Romeo and Juliet
Royal Shakespeare Company
The Lowry, Salford, and touring
The Royal Shakespeare Company has returned to Salford with Neil Bartlett's production of Romeo and Juliet. After fighting through the football crowds to get to the Lowry, we were confronted with even livelier crowds of school parties, herded to the theatre on coaches for a good proportion of their government-prescribed 'culture'.
Bartlett's production, designed by Kandis Cook, appears from the costumes to be set in the 1950s between two high-status, Mafia-style families in sharp Italian suits and dresses. The set, however, is a simple bare stage with no specific location, but it is a contrived theatrical simplicity created by the design, construction and transportation of a huge fake brick and concrete wall to look like the back of a stage. This opens up at the end to create the tomb. The large cast is supplemented on the sometimes-cramped stage with a seven-piece live band to add atmosphere, with a musical style (music by Simon Slater) like something from The Godfather.
The production opens up, after a prologue delivered line-by-line by the whole company, with a rather confusing scene on an overcrowded stage. The fights are done using flick knives rather than swords to fit with the period, which works reasonably well (despite losing some of the spectacle of the larger weapons) except when the ageing heads of the families, after a rushed, confusing and pointless bit with a telephone, start fighting with these little knives too, which looks a little silly.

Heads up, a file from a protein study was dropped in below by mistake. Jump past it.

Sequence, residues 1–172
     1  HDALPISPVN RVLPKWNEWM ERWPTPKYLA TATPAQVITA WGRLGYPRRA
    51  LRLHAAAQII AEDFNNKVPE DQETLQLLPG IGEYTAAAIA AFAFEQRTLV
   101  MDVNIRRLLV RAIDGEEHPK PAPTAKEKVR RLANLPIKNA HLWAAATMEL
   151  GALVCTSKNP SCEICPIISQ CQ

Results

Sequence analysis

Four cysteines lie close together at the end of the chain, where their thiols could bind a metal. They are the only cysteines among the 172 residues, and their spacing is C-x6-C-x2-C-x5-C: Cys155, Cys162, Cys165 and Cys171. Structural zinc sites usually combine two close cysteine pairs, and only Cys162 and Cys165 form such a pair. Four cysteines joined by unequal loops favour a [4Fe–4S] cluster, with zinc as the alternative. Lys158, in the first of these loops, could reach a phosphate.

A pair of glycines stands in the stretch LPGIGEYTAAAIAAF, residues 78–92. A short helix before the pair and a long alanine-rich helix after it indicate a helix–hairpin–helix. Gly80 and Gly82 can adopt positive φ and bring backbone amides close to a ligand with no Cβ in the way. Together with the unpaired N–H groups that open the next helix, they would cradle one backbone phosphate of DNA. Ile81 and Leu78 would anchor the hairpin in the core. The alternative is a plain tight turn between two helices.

After this gimmicky opening, the production settles down and there are some great scenes between the boys, at the ball and between Romeo and Juliet. After the interval, the production seems to lose its drive and its pace, and so by the time the lovers are in the tomb together (which completely surrounds them with a metal fence, so it is like trying to see what is happening in next door's garden) it is difficult to feel a great deal of emotion about their fates.
There are, however, some excellent performances. Anneika Rose has a real adolescent spark and joyful energy as Juliet. After being part of some earlier scenes that seem to be trying too hard to retain the audience's interest irrespective of the text, David Dawson really warms into the part of Romeo. Gyuri Sarossy gives a superb performance as Mercutio as a cynical young aristocrat (perhaps a modern fop) in his RSC debut.
Christopher Hunter is also wonderful as Lord Capulet, a part in this play that has a very wide emotional range, all of which he gets spot on. This makes for some electrifying scenes, from his calm but very firm orders to Tybalt at the ball to his rage at Juliet's treachery towards him over her planned marriage to Paris. Romeo has very good support from Daniel Percival as his conciliatory companion Benvolio and Owain Arthur goes for and gets all the available laughs in the part of Peter, the Capulets' servant.
Overall, then, there are some excellent aspects to this production but it feels like a long and uneven three and a quarter hours. But what of the school parties that made up most of the audience? There was some restlessness at times, but mostly they seemed quiet and attentive, laughed at some of the humour, particularly Peter's antics and the more obvious bawdy references especially when accompanied by gestures, and gave a big cheer at the end and the beginning of each half. Of course where there are this many kids, there are a lot of parents waiting to pick them up, some of whom are not too fussy about blocking roads, pavements and roundabouts, so don't expect to get away too quickly.
Kevin Quarmby reviewed this production at the Courtyard, Stratford
Reviewer: David Chadderton